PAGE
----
TFSA vs RRSP

In a recent Financial Post article, “Are RRSPs really work it? The answer may surprise you” linked below, the author gets into the math of compounding with pre and post tax investments. Its an interesting exercise to see how best to grow net worth and tax implications for your heirs.

The trouble with using an mathematical analysis for personal finance is that it ignores the fact that personal finance is 80% behaviour and only 20% math.

Canadians regard TFSAs differently from RRSPs. When funds to into an RRSP its treated as long-term savings for retirement. Its mentally put away as funds untouchable. TFSAs, however, are considered as savings, stored away until a new purchase is desired.

The idea of building an after tax retirement fund is appealing. Entering retirement with a significant balance in TFSAs, providing a significant tax-exempt income goes a long way to enjoying post-working years. It also allows the money saved in RRSPs to be withdrawn safely at lower tax rates.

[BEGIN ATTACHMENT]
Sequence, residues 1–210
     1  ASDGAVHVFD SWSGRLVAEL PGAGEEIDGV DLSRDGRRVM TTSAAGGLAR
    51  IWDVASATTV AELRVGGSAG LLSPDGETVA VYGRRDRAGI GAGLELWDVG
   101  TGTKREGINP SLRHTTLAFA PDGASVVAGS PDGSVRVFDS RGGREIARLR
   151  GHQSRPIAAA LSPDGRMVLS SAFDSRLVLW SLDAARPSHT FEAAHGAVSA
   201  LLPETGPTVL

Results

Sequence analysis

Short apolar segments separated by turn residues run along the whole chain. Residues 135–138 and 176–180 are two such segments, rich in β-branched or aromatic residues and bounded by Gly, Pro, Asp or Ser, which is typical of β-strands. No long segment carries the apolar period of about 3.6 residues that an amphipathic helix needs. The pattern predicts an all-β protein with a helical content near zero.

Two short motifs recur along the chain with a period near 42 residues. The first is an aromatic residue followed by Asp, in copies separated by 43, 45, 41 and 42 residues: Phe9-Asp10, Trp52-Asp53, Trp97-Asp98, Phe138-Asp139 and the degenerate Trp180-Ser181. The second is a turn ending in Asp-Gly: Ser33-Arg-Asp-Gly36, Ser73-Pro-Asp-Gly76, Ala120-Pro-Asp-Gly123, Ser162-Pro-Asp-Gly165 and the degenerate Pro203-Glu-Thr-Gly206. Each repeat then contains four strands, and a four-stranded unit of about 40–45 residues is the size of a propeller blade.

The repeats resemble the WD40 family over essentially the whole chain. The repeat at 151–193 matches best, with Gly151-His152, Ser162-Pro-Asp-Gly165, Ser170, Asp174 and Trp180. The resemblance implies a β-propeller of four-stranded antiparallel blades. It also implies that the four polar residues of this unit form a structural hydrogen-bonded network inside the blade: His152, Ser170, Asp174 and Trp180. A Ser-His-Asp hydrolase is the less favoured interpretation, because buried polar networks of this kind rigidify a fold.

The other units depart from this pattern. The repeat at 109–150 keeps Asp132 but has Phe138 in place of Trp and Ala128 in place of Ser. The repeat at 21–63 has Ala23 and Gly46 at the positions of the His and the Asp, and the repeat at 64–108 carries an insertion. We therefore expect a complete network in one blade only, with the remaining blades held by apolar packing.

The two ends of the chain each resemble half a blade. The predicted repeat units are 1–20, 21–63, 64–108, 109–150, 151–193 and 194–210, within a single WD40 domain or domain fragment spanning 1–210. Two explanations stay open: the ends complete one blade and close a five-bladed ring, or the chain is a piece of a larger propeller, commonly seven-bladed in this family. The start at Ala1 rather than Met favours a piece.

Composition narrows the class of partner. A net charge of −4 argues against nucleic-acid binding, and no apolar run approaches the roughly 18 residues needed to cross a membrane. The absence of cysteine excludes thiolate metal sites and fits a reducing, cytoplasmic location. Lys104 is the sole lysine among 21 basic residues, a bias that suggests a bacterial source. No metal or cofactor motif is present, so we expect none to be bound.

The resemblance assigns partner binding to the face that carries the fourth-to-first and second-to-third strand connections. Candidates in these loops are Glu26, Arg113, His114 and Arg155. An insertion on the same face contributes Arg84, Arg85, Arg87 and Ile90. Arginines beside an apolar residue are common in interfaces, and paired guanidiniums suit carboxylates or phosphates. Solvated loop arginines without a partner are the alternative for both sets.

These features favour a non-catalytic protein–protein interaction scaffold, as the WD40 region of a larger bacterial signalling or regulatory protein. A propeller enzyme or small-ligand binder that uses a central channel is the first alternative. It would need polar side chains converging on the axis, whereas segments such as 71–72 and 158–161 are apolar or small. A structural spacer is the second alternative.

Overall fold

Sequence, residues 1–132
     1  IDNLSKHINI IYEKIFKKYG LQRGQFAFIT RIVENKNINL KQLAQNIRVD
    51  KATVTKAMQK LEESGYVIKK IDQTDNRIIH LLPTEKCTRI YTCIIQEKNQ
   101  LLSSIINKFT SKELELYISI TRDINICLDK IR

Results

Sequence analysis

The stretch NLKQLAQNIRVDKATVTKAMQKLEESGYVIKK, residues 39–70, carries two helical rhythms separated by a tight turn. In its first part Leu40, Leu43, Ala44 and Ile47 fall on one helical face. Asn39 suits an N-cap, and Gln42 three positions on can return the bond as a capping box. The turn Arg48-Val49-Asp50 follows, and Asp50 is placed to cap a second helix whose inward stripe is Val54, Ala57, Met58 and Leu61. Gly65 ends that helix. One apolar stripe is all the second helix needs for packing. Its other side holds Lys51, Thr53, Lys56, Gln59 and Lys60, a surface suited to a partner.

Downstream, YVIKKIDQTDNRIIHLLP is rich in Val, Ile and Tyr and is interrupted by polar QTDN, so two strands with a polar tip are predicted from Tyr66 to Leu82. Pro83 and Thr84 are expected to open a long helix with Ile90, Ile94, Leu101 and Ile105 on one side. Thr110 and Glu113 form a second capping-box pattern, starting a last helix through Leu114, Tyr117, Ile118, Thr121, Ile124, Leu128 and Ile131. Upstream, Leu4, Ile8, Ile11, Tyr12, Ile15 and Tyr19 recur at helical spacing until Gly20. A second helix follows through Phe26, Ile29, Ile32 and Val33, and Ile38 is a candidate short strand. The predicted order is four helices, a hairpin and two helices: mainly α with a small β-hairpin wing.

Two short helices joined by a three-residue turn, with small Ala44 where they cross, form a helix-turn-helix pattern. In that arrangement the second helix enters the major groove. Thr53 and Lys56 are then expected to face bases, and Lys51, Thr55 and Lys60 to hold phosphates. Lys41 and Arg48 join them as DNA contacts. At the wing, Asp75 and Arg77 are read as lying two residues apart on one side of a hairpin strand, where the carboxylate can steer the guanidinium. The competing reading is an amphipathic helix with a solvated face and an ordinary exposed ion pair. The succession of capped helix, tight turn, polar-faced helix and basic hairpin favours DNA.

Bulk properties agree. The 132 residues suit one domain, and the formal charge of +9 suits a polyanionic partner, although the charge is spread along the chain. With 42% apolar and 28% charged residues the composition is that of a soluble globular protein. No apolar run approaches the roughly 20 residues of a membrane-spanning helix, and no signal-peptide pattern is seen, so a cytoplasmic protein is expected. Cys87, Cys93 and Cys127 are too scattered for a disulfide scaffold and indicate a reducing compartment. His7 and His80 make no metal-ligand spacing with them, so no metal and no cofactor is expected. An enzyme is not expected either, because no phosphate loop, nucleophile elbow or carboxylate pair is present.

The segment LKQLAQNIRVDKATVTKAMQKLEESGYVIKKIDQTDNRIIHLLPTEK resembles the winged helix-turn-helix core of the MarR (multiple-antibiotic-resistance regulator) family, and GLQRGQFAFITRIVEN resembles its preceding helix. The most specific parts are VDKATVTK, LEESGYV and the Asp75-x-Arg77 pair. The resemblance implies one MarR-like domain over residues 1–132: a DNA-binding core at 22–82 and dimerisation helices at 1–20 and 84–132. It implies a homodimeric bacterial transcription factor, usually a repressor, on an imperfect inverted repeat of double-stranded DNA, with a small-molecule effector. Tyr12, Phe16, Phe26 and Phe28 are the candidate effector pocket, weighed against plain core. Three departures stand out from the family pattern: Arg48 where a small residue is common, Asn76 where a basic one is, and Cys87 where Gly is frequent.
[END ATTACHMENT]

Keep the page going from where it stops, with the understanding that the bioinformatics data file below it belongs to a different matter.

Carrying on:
Starting young in your 20s and 30s, dreaming of compound returns building a next egg into the 7 figures is fanciful. This strategy is best left as an after-thought for retirement planning. Reality is those funds will grow and compound only until you and your spouse look to buy a home for your growing family. Or maybe a new car. Or that vacation to Disney World. And if the TFSA had been your primary retirement savings, you’ve jeopardized those savings for mid-life purchases

Make your main retirement vehicle the RRSP. After all of your debts are paid off (save your mortgage) contribute 15% of your income to a low cost RRSP. That can be in a self-directed account where you can choose well diversified ETFs or to one of the robo-advisors like Wealth Simple or Quest Wealth who automatically allocate your contributions to pre-determined array of well diversified, low-cost ETFs.

Savings for big purchases can be done through the TFSA. Once you are completely debt-free, including your home mortgage, you can start using the TFSA for truly long term savings.

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